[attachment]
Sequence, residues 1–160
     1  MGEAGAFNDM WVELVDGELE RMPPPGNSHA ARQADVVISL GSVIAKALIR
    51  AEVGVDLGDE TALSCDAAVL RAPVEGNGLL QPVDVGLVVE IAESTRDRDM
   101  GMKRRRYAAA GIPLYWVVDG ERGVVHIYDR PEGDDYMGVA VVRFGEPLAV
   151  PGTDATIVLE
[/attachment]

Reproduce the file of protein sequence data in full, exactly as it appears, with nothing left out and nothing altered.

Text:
Sequence, residues 1–160
     1  MGEAGAFNDM WVELVDGELE RMPPPGNSHA ARQADVVISL GSVIAKALIR
    51  AEVGVDLGDE TALSCDAAVL RAPVEGNGLL QPVDVGLVVE IAESTRDRDM
   101  GMKRRRYAAA GIPLYWVVDG ERGVVHIYDR PEGDDYMGVA VVRFGEPLAV
   151  PGTDATIVLE